Upserve Uses Restaurant Transaction Data to Track Industry Trends

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It wasn’t very long ago that cash registers were offline-only devices. But the transition from simply ringing up sales and registering transactions to becoming all-encompassing business management systems has been swift, and today the data from point-of-sale platforms is being used by even the smallest businesses to generate insights and improve margins.

For Upserve, the restaurant management platform formerly known as Swipely, transaction data is now being utilized in a collective way to track industry-wide performance trends. The company recently released its State of the Restaurant Industry Report, using data pulled from thousands of restaurants and millions of transactions through the United States. Performing a retroactive analysis, Upserve’s data science team looked at 2017 trends to see which predicted trends lived up to the hype, and which fell flat.

“Our goal is for restaurateurs to use this report as a resource for the ever-evolving restaurant landscape,” says Carol Lin Vieira, director of public relations for the Rhode Island-based company. “In addition to sharing data on menu trends, labor and tipping nationwide, we’re also sharing data-driven evidence for making operational tweaks that can improve margins.”

In its latest analysis, Upserve used transaction data to look at tipping trends. The company found that across all regions, the average tip increased with time diners spent at the table up until the 40 to 50 minute mark, making the 45-minute meal the sweet spot for restaurants. Across all regions, meal cost tended to flat line around the 30-to-40 minute mark at the table.

“‘Campers’—guests who linger at their tables—begin to lose value to restaurants, and, on average, give lower tips to servers, after the 60 minute mark,” Vieira explains. “So staff would be better served pushing for more regular turnover.”

Employee turnover is another issue that Upserve dove into with its platform data. Turnover rates in the hospitality industry exceeded 70% for the second consecutive year, and restaurateurs are using everything from analytics to cloud-based technology and referral programs to stem the problem.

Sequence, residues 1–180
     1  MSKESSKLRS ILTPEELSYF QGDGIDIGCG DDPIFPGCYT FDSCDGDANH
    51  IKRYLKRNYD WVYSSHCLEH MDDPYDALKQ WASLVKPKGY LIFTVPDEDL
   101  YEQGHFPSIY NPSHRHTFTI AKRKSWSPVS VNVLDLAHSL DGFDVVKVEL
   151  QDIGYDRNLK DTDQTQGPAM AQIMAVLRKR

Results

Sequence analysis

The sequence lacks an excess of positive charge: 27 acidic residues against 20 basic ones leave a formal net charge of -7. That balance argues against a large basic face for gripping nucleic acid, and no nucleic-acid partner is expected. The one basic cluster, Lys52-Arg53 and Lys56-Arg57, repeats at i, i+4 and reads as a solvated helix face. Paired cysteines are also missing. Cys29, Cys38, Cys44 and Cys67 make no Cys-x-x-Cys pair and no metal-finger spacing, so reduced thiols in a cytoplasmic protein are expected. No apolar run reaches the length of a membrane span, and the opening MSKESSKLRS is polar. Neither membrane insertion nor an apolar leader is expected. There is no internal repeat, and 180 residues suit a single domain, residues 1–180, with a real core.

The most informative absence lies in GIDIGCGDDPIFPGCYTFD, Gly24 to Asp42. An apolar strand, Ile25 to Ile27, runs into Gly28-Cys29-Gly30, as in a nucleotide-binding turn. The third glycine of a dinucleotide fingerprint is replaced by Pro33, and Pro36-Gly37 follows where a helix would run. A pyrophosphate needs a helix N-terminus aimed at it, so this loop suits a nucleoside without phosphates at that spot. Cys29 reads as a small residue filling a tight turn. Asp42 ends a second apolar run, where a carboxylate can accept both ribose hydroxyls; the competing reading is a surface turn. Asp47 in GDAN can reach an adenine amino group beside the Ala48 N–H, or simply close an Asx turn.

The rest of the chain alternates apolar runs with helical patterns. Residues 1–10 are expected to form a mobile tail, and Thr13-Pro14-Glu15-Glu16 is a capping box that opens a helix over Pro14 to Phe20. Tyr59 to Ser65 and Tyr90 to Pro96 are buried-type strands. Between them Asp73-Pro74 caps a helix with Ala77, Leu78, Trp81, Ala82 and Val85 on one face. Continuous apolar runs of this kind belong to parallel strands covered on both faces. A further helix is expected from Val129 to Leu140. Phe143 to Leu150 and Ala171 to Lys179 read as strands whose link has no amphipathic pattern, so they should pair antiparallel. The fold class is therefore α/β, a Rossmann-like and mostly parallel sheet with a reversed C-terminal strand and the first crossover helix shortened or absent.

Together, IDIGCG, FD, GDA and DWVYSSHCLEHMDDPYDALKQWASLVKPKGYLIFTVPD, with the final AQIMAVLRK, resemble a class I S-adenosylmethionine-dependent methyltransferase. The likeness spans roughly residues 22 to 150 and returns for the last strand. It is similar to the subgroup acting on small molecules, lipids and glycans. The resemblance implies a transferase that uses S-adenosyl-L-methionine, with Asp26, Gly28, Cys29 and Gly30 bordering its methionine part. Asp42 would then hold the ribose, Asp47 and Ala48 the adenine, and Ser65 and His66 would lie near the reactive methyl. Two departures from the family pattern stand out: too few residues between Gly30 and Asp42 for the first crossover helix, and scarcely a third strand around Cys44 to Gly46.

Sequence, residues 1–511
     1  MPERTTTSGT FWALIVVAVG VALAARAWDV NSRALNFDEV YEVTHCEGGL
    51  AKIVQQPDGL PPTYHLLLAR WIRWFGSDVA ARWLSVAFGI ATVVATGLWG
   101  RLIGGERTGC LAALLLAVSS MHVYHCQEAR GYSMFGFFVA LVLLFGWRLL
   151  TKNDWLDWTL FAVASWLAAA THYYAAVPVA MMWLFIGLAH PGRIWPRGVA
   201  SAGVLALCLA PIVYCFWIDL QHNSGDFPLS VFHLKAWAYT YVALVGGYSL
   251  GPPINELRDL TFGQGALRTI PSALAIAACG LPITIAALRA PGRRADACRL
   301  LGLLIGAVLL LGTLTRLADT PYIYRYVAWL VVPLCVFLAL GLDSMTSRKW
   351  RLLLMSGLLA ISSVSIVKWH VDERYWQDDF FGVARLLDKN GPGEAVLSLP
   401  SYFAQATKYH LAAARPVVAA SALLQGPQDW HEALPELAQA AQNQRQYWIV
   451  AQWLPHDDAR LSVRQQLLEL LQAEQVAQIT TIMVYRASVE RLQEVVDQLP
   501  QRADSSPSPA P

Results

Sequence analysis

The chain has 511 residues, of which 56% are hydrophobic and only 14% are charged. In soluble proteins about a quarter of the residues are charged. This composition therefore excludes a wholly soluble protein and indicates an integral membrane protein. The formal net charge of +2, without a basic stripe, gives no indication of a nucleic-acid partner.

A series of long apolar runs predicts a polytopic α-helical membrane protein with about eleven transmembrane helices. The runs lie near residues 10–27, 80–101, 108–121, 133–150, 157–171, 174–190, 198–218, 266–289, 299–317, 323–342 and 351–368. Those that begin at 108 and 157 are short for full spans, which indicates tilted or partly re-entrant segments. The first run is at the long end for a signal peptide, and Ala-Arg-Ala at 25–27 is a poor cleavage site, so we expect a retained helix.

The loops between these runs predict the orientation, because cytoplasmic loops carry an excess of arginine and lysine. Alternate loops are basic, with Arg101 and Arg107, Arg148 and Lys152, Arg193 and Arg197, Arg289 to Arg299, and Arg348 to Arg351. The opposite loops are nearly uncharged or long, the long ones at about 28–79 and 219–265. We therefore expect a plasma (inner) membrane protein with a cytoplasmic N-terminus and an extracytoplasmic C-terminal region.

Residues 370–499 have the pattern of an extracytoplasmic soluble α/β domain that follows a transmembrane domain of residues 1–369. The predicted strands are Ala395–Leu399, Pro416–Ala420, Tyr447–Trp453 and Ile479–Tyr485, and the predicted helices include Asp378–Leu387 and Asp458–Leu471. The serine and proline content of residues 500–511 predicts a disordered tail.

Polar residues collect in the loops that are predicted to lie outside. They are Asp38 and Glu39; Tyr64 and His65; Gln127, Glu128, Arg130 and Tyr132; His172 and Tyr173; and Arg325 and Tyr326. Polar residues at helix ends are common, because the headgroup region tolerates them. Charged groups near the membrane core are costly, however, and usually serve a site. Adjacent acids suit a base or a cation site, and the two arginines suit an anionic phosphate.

Upserve found that seasonality is the biggest culprit for employee turnover in the restaurant industry right now. Weekly turnover rates increased on a weekly basis from July to September, likely caused by students returning back to school after the summer break. Upserve found that base pay rate has little impact on turnover. However, the location of a restaurant does have an effect. Upserve found that base pay rates are highest in the West and lowest in the South, and turnover is the highest in the Northeast and the Midwest.

Location also plays a role in average tip size. Restaurant transaction data showed that tips were slightly larger in the Northeast and South, compared to the country as a whole, where 15% is still the average gratuity.

Although Upserve aggregated and analyzed millions of transactions from thousands of restaurants for its report, Vieira says restaurateurs can—and should be—accessing these same insights for their individual businesses to get a better idea of how to run smarter, leaner organizations.

“Data is only valuable if it provides actionable information,” she says. “The more a restaurant owner knows about how their restaurant is run, and how their guests prefer to eat, the better informed they can be when it comes to making decisions, like when to add a new special, or to reconfigure staffing schedules, or to keep table turnover times at the 45 minute mark.”

Stephanie Miles is a senior editor at Street Fight.

Stephanie Miles is a journalist who covers personal finance, technology, and real estate. As Street Fight’s senior editor, she is particularly interested in how local merchants and national brands are utilizing hyperlocal technology to reach consumers. She has written for FHM, the Daily News, Working World, Gawker, Cityfile, and Recessionwire.